Maritime Security in Sabah: ESSCOMM on the Rise

In 2013, a group of several hundred armed militants from the southern Philippines landed in the Sabahan city of Lahud Datu in an attempt to retake the land in the name of the Sultan of Sulu. 10 security force personnel and 6 civilians were killed. 45 militants were killed, 30 were captured and nine were sentenced to death. Since then, the eastern Sabah State of Malaysia has witnessed a series of armed incursions, kidnapping for ransom, one of which led to the decapitation of a Malaysian policeman. Additionally, from March 2016 to April 2017, a spate of maritime kidnappings threatened regional trade. According to open source data, 70 seamen from six countries were taken in 19 separate incidents. Five were killed during the attacks, while others died while in captivity. By the fall of 2016, pirates were attacking large ocean going vessels, including Korean and Vietnamese vessels, while a Japanese ship took evasive action.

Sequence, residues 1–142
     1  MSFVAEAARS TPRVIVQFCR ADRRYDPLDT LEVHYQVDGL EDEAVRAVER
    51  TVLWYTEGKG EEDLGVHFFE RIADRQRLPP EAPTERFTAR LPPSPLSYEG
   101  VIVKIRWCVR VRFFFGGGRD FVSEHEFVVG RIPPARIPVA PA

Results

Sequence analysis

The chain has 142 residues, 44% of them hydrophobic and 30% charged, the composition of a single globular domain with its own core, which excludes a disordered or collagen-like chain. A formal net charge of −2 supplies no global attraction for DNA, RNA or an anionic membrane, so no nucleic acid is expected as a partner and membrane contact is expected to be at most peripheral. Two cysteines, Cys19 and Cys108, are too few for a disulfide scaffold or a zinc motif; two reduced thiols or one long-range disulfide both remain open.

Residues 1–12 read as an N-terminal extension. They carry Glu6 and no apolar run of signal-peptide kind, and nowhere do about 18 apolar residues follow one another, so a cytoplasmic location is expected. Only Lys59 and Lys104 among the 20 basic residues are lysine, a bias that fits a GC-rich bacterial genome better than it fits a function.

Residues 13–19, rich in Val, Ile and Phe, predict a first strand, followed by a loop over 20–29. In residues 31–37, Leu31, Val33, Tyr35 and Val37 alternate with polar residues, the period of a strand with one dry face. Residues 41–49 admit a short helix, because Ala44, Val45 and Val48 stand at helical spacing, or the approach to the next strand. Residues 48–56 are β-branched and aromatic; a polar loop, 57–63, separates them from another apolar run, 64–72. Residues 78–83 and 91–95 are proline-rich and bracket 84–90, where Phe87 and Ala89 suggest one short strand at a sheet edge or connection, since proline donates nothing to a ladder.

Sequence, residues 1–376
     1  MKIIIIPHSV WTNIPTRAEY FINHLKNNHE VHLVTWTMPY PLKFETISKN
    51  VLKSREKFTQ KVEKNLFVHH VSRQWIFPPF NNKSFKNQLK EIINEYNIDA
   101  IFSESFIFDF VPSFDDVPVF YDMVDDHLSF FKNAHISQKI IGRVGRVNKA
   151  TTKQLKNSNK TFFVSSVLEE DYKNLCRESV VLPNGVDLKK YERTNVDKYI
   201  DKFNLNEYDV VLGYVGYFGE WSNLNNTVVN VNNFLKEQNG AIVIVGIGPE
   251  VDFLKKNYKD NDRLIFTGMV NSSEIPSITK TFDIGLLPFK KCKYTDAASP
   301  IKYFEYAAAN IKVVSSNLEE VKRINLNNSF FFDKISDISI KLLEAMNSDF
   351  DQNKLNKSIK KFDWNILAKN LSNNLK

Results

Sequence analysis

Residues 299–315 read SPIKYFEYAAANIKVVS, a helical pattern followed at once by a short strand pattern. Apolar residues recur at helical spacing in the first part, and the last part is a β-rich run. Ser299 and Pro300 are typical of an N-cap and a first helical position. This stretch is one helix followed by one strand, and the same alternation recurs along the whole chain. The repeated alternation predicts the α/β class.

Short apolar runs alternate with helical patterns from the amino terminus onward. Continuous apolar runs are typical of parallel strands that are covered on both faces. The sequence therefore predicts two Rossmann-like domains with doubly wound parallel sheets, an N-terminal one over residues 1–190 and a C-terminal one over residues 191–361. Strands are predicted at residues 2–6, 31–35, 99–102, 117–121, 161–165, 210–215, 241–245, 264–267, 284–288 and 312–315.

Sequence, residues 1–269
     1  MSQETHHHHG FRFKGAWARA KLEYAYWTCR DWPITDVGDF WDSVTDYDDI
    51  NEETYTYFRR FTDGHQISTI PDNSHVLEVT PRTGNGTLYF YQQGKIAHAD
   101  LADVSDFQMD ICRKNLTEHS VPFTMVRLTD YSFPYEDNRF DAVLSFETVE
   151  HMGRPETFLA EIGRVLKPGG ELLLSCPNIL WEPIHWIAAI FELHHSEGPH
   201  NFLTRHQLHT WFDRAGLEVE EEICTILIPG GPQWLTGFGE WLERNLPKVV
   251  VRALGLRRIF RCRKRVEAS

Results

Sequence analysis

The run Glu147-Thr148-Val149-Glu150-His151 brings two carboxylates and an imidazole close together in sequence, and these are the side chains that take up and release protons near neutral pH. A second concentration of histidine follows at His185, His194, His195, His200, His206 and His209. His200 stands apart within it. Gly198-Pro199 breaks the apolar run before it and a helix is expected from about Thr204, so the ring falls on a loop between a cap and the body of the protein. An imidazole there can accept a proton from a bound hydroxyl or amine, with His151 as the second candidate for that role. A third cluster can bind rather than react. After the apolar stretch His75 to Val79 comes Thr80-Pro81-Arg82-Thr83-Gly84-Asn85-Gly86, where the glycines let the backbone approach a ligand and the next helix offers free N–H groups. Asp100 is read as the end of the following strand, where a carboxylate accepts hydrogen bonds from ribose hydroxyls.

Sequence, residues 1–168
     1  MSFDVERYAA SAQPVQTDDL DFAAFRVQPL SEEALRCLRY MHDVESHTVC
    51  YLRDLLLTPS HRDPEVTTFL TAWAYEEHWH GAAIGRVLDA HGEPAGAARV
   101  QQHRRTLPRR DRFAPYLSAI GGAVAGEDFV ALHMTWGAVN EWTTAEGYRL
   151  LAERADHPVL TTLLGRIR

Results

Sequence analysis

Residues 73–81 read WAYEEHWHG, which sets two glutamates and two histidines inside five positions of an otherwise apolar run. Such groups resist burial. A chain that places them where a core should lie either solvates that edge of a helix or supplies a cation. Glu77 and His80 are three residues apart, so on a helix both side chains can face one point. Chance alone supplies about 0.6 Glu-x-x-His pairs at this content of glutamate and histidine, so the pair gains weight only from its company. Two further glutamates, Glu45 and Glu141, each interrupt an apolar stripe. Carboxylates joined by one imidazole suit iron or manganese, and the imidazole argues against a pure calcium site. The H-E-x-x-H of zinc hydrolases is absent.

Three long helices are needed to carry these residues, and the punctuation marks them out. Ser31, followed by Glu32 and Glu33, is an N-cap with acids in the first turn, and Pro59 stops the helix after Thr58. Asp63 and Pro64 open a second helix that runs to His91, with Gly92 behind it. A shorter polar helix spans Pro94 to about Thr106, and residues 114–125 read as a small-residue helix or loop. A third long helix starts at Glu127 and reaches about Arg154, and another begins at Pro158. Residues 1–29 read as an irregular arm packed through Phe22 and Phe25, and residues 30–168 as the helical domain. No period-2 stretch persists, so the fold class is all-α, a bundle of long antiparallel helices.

This forced the establishment of trilateral maritime patrols involving the Philippines, Indonesia, and Malaysia. While that led to a sharp decline in maritime incidents, they recommenced in 2018 and again in June 2019.

Read more at the Center for International Maritime Security

The Government Technology & Services Coalition's Homeland Security Today (HSToday) is the premier news and information resource for the homeland security community, dedicated to elevating the discussions and insights that can support a safe and secure nation. A non-profit magazine and media platform, HSToday provides readers with the whole story, placing facts and comments in context to inform debate and drive realistic solutions to some of the nation’s most vexing security challenges.

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